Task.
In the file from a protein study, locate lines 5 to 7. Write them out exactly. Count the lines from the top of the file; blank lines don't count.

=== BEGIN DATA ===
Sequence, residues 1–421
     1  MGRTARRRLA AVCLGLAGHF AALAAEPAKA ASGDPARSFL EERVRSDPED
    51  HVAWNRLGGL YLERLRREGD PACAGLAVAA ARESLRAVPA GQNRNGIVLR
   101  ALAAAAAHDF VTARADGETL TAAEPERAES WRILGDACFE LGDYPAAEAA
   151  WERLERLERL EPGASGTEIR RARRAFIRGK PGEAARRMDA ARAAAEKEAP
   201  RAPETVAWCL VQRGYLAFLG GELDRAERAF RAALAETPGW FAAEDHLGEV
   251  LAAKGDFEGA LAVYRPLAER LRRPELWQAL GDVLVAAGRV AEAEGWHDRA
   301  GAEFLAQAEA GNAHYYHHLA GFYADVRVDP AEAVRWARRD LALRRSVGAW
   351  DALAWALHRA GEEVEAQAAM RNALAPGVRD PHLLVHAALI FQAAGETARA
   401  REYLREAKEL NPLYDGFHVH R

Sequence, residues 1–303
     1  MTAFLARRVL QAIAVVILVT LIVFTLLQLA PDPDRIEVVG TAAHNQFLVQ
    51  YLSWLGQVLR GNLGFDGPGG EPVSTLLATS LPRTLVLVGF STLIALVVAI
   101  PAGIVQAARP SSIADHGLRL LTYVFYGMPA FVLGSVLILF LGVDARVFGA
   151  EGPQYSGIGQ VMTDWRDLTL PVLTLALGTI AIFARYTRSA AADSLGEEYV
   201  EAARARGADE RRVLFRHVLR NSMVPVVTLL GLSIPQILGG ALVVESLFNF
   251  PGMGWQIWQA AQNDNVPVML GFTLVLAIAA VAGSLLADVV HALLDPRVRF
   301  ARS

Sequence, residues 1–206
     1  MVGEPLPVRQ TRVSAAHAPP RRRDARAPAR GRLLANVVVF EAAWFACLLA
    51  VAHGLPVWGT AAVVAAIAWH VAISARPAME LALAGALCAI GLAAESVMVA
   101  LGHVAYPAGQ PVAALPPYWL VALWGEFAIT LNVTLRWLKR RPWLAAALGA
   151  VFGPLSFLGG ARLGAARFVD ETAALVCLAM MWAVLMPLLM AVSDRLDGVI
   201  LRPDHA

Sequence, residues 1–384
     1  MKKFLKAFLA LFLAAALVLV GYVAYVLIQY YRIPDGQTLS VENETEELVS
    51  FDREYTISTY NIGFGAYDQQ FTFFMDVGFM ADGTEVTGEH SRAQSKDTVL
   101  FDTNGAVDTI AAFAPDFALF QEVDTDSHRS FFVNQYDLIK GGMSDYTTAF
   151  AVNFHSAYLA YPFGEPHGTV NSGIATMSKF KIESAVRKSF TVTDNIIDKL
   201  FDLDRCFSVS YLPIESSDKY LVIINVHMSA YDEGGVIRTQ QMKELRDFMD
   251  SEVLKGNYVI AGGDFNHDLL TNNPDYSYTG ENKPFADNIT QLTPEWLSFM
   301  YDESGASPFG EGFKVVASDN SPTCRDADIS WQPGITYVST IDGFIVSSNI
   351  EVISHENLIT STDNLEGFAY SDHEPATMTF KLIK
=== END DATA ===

   151  WERLERLERL EPGASGTEIR RARRAFIRGK PGEAARRMDA ARAAAEKEAP
   201  RAPETVAWCL VQRGYLAFLG GELDRAERAF RAALAETPGW FAAEDHLGEV
   251  LAAKGDFEGA LAVYRPLAER LRRPELWQAL GDVLVAAGRV AEAEGWHDRA